At the moment the availability of vaccines in Australia is also a little smaller.  The political statement from Italy a couple of weeks ago arresting exportation of vaccine out of Europe to Australia has impacted our access. I suppose they have suffered so much more, and are again diving into another wave over the last week, so it is easy to sympathise with them.

A little closer to home you may have noticed the reports of the rising tide of infections in our nearest neighbour – PNG.  Much as I want to see us getting vaccinated, I applaud the government for planning to redirect some of the precious allotment to them.  Their need is more urgent.  Our need is to provide for their need.  I took a position at the beginning of the crisis that in management of infectious disease, we stand or fall by how we treat our most vulnerable. This is just as relevant on a national scale.  We could be proud  and thankful to help our less resourced island neighbours with any vaccines we can share.

The roll-out of vaccination has gone slower than expected.  It looks like in our Shire we will be starting the week after Easter, if the flood waters recede and couriers can make it up the highway.   The President of the Royal Australian College of GPs informs us that the change to individual GP practices – all getting a little slow supply  – was in response to patients demand stating that they would prefer to have it done at their own GPs practices, where they are known and know the clinicians.  Fair enough.  It probably also eases a little of the logistics as we can easily verify who fits into the phases of the roll out.  As the CSL Labs in Melbourne ramp up local production, we will no longer be hostage to international events.  We will be able to let you know that more are available and how we are being directed to make more bookings available.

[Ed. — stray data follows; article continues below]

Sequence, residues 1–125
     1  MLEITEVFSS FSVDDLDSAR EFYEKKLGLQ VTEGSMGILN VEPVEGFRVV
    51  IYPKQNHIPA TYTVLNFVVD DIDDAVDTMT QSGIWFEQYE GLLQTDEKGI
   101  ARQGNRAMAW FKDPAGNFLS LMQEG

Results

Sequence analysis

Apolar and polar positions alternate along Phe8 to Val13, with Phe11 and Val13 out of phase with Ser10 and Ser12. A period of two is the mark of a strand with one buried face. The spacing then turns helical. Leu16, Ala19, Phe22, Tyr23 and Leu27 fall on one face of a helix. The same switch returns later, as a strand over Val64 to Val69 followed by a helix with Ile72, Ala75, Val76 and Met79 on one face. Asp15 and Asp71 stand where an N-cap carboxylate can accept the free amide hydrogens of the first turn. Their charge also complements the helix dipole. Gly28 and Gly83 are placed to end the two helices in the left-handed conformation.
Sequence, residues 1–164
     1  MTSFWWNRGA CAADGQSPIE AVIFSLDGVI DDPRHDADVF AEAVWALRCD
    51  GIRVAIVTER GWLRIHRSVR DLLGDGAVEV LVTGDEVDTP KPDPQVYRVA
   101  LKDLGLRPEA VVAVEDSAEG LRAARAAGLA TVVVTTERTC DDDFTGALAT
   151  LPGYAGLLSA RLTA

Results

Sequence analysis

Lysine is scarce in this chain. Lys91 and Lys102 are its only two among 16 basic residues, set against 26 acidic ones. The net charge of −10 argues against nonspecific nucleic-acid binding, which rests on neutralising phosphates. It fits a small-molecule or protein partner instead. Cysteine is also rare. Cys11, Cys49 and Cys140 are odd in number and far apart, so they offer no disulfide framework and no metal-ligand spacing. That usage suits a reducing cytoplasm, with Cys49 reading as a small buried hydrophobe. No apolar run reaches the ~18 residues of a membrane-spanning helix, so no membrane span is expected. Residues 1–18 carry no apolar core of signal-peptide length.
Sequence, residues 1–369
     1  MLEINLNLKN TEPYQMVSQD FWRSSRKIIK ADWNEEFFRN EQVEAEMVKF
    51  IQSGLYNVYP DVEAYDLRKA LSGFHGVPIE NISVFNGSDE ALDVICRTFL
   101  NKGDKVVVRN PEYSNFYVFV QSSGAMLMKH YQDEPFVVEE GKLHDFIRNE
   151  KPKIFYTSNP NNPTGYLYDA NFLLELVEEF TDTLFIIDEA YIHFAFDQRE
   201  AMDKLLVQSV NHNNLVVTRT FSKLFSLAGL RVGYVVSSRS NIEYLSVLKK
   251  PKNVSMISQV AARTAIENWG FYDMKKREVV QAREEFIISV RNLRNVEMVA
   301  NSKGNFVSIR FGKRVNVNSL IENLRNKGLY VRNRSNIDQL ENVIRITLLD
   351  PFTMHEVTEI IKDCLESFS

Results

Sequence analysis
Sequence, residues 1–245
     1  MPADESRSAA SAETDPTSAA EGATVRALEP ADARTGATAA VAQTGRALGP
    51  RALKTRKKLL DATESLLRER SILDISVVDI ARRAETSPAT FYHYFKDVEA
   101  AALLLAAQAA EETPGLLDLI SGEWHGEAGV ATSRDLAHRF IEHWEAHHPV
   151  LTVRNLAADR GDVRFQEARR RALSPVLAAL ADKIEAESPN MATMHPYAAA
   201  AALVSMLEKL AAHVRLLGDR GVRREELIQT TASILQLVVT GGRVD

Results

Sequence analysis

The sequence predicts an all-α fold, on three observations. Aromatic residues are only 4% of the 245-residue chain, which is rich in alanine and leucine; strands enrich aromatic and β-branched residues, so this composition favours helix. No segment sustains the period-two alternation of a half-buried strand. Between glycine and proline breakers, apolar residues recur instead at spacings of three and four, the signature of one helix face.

You can go to the Federal Health Department Covid Vaccine eligibility checker to work out what phase you can be expected to be in.   And please take any relative who does not get IT along for the visit.  The scenery might be fun.

Now that GPs are administering to our familiar populations we will of course be targeting the over 80s first, as per the government guidelines and “ Rollout Roadmap”.

For anyone with a history of Cancer – Cancer Australia – via canceraustralia.gov.au has lots of FAQs about the role of vaccines for someone living with Cancer.

Some news out of the blue. We were expecting a delay to the flu vaccine this season.  Remember last year we had the biggest ever uptake of flu vaccine and that, along with border closures, social distancing and hygiene, mean I have not seen a case of real influenza since February last year.

But now,  The Influenza vaccines have arrived! Well ahead of expected timing.